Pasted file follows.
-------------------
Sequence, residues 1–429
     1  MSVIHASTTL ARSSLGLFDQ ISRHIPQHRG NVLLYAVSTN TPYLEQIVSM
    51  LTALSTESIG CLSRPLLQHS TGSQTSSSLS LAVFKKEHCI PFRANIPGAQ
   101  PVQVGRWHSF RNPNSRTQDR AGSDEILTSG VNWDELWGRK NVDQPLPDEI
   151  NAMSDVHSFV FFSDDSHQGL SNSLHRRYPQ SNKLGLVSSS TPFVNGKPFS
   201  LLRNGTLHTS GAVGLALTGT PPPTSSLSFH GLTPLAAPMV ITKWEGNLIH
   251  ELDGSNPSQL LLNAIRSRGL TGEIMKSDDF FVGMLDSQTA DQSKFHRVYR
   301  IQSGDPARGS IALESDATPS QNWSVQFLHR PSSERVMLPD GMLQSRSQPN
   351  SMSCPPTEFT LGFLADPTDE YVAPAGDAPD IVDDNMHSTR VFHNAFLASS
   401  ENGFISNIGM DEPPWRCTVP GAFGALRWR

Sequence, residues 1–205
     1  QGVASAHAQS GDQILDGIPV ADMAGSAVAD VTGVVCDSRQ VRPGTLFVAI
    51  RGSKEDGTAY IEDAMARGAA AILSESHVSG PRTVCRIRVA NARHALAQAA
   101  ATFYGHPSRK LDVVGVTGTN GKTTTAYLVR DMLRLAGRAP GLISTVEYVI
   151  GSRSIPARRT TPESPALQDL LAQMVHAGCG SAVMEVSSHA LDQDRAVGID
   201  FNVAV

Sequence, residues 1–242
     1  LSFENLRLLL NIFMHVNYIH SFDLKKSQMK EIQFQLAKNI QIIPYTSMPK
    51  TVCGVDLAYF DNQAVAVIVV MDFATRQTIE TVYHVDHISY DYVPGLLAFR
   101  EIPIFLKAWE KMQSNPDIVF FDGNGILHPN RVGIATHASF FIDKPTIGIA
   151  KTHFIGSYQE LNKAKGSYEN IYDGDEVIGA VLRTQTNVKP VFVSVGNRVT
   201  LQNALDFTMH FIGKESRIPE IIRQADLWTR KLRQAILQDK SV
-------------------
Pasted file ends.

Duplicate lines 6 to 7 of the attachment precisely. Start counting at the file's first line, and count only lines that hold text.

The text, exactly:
   201  LLRNGTLHTS GAVGLALTGT PPPTSSLSFH GLTPLAAPMV ITKWEGNLIH
   251  ELDGSNPSQL LLNAIRSRGL TGEIMKSDDF FVGMLDSQTA DQSKFHRVYR